The anxiety of living in a neighborhood where a toxic chemical lurks underground showed clearly Tuesday as current and former residents from the Como area of southeast Minneapolis discussed the rediscovery of trichloroethylene, or TCE, in their soil.
“This may be the answer to the mystery, to everything that has been going on,” said Patty Manion, who grew up in the neighborhood and lost a mother to multiple sclerosis, a sister to liver cancer and a brother just last month to multiple myeloma.
Manion attended the first of two community forums led by Minnesota health and pollution officials to discuss efforts to detect and remove TCE, a degreasing solvent that had been dumped from 1947 to 1962 in a pit behind a now-defunct General Mills plant.
The state is asking some 200 property owners near Van Cleve Park to allow testing in their basements to determine whether TCE vapors in the soil below their foundations are finding a way into their homes.
Prolonged, substantial exposure to TCE has been linked to certain cancers such as non-Hodgkin’s lymphoma as well as birth defects.
While there is no evidence that cancer or other health problems are more prevalent in the neighborhood, state officials said they are acting out of caution as science has revealed more about the way TCE can evaporate from groundwater and rise through soils.
“We’re all hopeful [that] we’re going to conduct this investigation and we’re not going to see the types of exposures that will even require mitigation,” said Jim Kelly, manager of environmental surveillance and assessment for the Minnesota Department of Health.
The neighborhood’s TCE problem has been known since the early 1980s, when the old General Mills property at 2010 E. Hennepin Av. was declared a federal Superfund cleanup site.
General Mills agreed to pay for the pumping and treatment of groundwater to remove traces of the chemical.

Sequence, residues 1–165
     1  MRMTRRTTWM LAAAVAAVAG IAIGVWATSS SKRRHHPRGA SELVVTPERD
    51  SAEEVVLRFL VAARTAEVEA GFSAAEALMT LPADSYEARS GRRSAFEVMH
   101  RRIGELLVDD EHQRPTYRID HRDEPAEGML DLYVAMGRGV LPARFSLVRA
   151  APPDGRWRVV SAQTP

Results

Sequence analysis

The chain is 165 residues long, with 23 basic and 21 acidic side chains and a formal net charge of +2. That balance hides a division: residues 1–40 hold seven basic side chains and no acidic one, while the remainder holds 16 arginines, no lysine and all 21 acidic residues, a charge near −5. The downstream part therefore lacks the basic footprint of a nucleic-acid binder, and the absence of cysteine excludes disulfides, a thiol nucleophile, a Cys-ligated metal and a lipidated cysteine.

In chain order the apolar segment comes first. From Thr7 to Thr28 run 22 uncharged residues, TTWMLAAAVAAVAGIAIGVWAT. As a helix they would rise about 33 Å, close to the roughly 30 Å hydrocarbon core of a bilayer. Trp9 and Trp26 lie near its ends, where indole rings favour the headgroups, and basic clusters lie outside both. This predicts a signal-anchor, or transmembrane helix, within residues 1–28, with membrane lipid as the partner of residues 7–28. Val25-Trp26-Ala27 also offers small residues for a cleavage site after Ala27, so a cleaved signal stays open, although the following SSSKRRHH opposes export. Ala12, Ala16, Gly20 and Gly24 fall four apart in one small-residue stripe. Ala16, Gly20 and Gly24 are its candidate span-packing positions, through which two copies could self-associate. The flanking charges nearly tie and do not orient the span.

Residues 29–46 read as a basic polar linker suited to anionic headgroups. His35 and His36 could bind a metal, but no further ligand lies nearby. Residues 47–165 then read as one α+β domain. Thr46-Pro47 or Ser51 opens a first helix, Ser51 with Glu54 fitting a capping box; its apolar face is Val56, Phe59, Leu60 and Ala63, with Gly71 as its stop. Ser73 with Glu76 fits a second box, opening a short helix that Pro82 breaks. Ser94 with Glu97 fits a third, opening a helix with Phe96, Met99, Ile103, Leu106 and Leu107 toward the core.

Groundwater treatment continued until 2010, when the Minnesota Pollution Control Agency declared it was safe to halt the cleanup — but monitoring since that time found TCE in the soil gas below the surface.
Forty tests were conducted on the soil under sidewalks and streets in a wide section of the Como neighborhood near the old General Mills site. Thirteen sites showed TCE rates above residential air safety standards, allowing health officials to pinpoint a 16-block area trailing southwest from the plant to Van Cleve.
The history of cleanup efforts brought little comfort to residents, some of whom knew it and some of whom did not.
Maggie Dwyer of St. Anthony grew up in the neighborhood — in a house that now sits in the middle of the cleanup zone — and has since been treated for non-Hodgkin’s lymphoma and breast cancer.
“This makes me really angry that nobody told my family about this,” she said at the afternoon meeting.
Tests and remedies
General Mills has agreed to arrange and pay for testing for TCE, at a cost of about $1,000 per property, as well as the $2,000-per-property cost of fixing homes or businesses if TCE is found. In most cases, the solution will be a ventilation system similar to the ones used in homes to remove radon.
The company previously paid to remove contaminated soil from the site of its former food and chemical research plant, which has since been sold and redeveloped into small-business offices.
To assess any potential health problems, the Health Department has reviewed data from its registries of all birth defects and cancer cases in the state. The 55414 ZIP code, which includes the Como neighborhood, does not have a higher rate of birth defects, Kelly said.
A review of the cancer database is ongoing, he added.
Tuesday’s forums brought dozens of neighbors from the immediate and surrounding areas — and their concerns.
Tenants of basement apartments worried about being at greater risk of TCE exposure. Owners worried about property values and pressed an official from General Mills about compensation. Neighbors of the test sites wondered whether their homes should be tested as well.
More than a dozen residents signed agreements to have their properties tested.
Manion, who now lives in Eden Prairie, is a retired public health nurse who knows that the ailments of her family could have been random bad luck. The discovery of the TCE contamination leaves her wondering, though.
“It could help me finally understand,” she said.